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A Token of Time by Ethan Day

A Token of Time

by Ethan Day

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Note: this review contains some unhidden spoilers. They are relatively minor and common tropes in the time travel genre, so I left them. I did hide the more major spoilers.

I felt some push-pull on this one. On the one hand, time travel = yay!, but on the other hand whiny angst = boo! :-)

The beginning wasn't promising. Piles of angst: evil violent family, dead boyfriend (and it is kind of Zachary's fault), Zachary in a downward spiral of angst, depression, and lack of personal hygiene. I felt like I was reading Amy Lane or Harper Fox there for a bit. But then it cheered up and I started to have a much better time. Zachary holds a necklace and uses his psychic abilities to see something that astonishes him and changes everything.

The trip back in time was really lovely, with a soft golden glow that felt entirely appropriate to the old Hollywood setting. Marc was maybe too perfect, and the antagonist too evil, but it fit nicely with the glamour, the parties, the intrigue, and Zachary's "amnesia." The suspense over when the necklace would break and send Zachary back to the present kept me on edge. The things Zachary changed in the past made sense, and I was anxious to see how the present would look because of those changes. Zachary had some (entirely appropriate) misgivings about falling in love so soon after his long-term boyfriend Nick died, and he has a dawning realization that his former relationship was not entirely a good one (Nick was a bit controlling and jealous, and Zachary was tied to him by dependency and fear more than by choice and strong feelings). The use of Zachary's abilities was interesting and made sense (though I thought Jonathon's abilities were kind of vague and underutilized). This section of the book was by far my favorite, and the reason for the four star rating.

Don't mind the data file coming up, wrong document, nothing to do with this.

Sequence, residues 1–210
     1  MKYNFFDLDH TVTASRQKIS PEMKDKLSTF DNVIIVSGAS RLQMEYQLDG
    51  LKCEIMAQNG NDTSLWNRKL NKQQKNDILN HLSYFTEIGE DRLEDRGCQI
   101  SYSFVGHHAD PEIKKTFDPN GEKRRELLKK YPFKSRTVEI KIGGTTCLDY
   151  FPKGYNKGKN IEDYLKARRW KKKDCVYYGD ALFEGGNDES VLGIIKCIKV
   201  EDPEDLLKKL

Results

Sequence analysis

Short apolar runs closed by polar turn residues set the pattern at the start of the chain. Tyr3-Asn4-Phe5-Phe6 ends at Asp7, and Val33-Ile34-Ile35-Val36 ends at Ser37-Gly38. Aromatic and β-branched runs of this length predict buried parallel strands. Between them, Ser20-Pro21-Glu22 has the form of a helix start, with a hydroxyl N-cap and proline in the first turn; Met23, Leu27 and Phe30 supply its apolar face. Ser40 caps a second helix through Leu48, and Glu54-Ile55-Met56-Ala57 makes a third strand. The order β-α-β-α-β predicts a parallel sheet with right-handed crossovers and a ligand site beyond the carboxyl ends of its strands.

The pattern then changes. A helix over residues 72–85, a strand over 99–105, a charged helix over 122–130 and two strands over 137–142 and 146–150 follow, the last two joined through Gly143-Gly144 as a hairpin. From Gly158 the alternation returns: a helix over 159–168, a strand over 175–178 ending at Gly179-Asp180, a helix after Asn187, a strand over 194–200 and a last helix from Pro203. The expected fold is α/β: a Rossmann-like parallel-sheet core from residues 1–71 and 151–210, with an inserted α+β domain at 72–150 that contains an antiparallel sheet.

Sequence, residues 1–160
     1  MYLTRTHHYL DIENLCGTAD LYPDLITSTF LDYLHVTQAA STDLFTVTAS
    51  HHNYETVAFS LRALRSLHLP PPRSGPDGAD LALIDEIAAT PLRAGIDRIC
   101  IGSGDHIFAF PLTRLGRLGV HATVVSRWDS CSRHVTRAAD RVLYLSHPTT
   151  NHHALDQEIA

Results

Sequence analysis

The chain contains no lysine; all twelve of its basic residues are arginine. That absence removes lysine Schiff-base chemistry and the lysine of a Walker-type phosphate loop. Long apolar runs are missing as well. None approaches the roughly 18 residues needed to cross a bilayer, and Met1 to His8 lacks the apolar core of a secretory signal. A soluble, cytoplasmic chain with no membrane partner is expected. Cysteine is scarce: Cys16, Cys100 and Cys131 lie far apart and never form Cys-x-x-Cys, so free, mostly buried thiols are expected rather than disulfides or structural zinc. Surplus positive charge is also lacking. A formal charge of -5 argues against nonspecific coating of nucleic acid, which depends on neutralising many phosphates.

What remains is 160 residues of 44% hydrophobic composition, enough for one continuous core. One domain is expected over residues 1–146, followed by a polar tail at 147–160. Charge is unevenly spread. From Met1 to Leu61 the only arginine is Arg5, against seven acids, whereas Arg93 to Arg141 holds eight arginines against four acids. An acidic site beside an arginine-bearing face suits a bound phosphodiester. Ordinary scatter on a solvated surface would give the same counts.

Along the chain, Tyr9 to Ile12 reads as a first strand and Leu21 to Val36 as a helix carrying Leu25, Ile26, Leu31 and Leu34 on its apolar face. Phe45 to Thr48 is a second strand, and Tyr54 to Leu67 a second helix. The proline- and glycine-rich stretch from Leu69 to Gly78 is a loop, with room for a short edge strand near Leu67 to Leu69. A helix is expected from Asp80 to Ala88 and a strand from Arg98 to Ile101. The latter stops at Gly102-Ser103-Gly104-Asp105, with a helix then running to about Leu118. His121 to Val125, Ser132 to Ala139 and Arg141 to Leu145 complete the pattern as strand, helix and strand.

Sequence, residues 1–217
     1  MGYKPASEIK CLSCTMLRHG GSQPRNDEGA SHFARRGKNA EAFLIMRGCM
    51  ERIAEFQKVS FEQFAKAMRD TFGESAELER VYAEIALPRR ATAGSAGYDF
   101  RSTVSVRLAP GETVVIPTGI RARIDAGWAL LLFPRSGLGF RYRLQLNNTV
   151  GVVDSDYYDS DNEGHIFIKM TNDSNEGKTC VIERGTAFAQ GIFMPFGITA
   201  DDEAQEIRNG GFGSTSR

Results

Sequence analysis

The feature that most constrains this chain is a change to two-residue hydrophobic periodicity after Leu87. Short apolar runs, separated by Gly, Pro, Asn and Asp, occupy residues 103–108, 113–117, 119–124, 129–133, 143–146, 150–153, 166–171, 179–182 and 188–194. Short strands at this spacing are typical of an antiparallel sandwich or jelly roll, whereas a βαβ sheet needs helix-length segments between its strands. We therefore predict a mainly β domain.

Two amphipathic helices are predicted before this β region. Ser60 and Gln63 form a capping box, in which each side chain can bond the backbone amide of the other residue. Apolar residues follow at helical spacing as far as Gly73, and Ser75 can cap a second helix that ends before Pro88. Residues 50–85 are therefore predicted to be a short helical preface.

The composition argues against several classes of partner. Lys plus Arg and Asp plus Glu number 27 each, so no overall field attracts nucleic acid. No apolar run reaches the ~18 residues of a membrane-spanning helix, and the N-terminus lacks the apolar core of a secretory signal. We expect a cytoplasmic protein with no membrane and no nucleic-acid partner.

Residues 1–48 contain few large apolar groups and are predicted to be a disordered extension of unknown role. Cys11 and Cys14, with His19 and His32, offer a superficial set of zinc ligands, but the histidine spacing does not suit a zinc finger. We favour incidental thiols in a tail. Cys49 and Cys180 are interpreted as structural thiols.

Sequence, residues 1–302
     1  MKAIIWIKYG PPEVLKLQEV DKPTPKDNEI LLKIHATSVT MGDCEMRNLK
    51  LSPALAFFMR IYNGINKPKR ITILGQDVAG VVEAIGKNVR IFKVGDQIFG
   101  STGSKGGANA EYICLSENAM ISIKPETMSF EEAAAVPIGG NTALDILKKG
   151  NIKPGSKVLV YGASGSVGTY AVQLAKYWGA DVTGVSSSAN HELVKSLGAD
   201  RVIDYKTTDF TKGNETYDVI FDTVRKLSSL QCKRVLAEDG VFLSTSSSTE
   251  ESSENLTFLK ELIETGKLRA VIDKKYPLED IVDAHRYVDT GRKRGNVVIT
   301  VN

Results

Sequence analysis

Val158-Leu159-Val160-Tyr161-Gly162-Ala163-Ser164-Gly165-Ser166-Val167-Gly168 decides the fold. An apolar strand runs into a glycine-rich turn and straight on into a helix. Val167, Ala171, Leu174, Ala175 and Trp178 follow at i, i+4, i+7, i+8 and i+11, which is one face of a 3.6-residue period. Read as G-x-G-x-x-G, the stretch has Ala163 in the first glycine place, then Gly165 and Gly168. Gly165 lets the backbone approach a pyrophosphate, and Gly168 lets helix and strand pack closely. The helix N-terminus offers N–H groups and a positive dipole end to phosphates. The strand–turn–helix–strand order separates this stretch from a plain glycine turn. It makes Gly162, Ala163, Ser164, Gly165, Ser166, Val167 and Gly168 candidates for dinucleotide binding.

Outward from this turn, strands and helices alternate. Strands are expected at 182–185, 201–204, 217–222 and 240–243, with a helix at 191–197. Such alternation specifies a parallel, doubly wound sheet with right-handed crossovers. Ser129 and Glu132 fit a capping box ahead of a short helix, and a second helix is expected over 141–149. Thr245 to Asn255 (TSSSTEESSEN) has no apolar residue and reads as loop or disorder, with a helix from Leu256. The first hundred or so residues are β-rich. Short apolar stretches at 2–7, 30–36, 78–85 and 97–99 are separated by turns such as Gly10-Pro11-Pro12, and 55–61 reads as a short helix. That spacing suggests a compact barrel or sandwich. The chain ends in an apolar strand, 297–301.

Back in the present, Zachary (in spite of his sorrow) feels stronger and less victim-y and ready to take on the task of stripping his evil sister of her powers. I liked seeing Marc's friends in their new circumstances, and everyone's happiness when Marc appeared from the past was fun to watch. But the rest of this section was a little thrown together for me. It isn't explained why Marc could come forward in time at all. It makes sense that it took six years to figure out, but there is no explanation of what was accomplished during that time or why it worked. The necklace suddenly had powers that came out of nowhere (it was manufactured in the plot device factory I guess), and the final confrontation was quick and not very meaningful. It wasn't a bad ending - it just didn't live up to the section of the story that occurred in the past.

The epilogue was a mistake I think. Yeah, we needed to know that the Big Bad got his, but it wasn't a good way to end the book - icky and violent. I would rather have been shown that the HEA was real (instead of just being told that Zachary "had a feeling" it would all work out). ( )
  Charming2020 | Mar 31, 2013 |
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